Sure, I had conversations with friends where they’d recommend I calm down but no one told me to stop. People loved inviting me to parties, because they knew I’d turn it up a notch and always be the last one (barely) standing, putting on some kind of demented dance show or, more often than not, passed out on a couch.
The last two years of my drinking looked different than my wilder years. I did not go out as much, but when I decided it was a night to get drunk, all stops were pulled. You may have been in my backyard. I probably looked quite normal, even elegant, pouring wine by candlelight. I’d serve you food, it was a nice set-up. But what you didn’t see was that likely, at some point in the night, I’d duck to the washroom to vomit. I’d refresh with makeup, return to the patio and quietly pour another.
The nights that I did go out, usually once every two weeks, would never end. I always wanted more and either found an after party or created one. If I hadn’t invited a dozen strangers back to mine, I’d often return home at sunrise and I’d be too drunk to even put my key in the door.
I could tell you a hundred amazing stories of colourful, fun nights. But I could also tell you about smashing my face on a pile of ice because I was too drunk to stand. Drinking wine alone in my backyard at 3AM, crying. Shaking at my desk in the morning because I had, once again, poisoned my body binge drinking.
It’s easy for any alcoholic to remember the good times. We all had lots of them. But you have to remember the disgusting, the dangerous and humiliating to ensure you don”t pick up again.
I had no problem going for days without booze, weeks even. But when it was decided that the night was going to be a drinking night, there was no telling where I’d end up and no way I could control how much I drank.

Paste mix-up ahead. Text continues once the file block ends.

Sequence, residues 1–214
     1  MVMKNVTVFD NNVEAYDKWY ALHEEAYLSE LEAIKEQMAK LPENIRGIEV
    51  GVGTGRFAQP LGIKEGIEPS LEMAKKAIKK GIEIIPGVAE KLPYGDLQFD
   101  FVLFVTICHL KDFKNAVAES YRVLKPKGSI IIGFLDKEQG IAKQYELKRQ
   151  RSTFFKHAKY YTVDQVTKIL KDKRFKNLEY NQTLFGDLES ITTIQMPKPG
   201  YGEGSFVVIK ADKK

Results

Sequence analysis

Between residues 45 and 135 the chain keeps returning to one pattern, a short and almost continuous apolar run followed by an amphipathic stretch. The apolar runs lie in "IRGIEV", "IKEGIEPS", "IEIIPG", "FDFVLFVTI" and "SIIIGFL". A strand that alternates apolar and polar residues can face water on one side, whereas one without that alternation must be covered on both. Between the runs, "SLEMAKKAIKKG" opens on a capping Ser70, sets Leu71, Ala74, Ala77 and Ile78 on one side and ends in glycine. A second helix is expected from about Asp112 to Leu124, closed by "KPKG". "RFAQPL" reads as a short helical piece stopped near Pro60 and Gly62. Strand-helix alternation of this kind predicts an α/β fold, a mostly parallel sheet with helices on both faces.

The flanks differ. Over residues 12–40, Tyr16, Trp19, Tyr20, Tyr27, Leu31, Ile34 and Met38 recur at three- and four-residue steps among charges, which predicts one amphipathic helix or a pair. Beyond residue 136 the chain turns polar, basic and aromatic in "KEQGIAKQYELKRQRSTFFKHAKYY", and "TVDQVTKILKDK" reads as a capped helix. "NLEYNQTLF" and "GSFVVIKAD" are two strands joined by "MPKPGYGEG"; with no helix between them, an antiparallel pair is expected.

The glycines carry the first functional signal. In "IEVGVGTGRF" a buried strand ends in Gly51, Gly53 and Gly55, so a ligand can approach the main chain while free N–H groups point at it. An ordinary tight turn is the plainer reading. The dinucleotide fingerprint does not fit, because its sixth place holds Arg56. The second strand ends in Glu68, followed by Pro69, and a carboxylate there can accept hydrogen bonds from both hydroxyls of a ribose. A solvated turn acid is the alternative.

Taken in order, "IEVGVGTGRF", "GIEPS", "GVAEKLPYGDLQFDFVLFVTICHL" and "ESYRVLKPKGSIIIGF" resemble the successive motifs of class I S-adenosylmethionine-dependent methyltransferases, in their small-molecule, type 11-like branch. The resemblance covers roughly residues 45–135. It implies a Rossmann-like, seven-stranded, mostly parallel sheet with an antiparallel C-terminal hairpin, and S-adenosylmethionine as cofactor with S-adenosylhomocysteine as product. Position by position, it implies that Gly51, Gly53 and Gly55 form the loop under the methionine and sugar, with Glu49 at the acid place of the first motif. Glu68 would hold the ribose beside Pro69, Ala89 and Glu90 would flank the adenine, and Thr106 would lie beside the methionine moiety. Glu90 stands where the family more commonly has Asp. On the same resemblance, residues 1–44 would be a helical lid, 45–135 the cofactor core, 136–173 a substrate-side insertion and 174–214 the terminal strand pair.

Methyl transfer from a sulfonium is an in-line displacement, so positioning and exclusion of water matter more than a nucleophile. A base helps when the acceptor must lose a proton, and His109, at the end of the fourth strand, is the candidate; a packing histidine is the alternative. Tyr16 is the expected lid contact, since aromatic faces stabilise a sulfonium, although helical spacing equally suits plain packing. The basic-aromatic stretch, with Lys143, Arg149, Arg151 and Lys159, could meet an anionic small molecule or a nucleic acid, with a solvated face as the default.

AA provides a questionnaire that anyone can take if they aren’t sure whether or not they have a problem. Sometimes people don’t answer it honestly at first. Sometimes they never answer it honestly.
At nineteen, I was advised by a doctor to take that test. I got a good score. I knew way back then that I was an alcoholic, but at that point, I was sure as hell not going to stop.
It’s a beautiful day out in Montreal. I’m going for a walk to the mountain now.
Have a nice weekend.
~ Jen McNeely
On day 1, Jen outed herself as a recovering alcoholic. On day 2, she wondered why the hell she did that. On day 3, she compares the dark days of 1999 with vibrant life in 2012. On day 4 Jen randomly meets Steven Tyler while strolling the streets late at night. On day 5 Jen took a meditative morning walk through the Plateau.On day 6 she found serenity in the Fuchsia Tea Room. On day 7 she hits the town for mocktails and shots of OJ. On day 8 she broke down the stereotypes of AA. On Day 9, Jen had a run-in with the circus.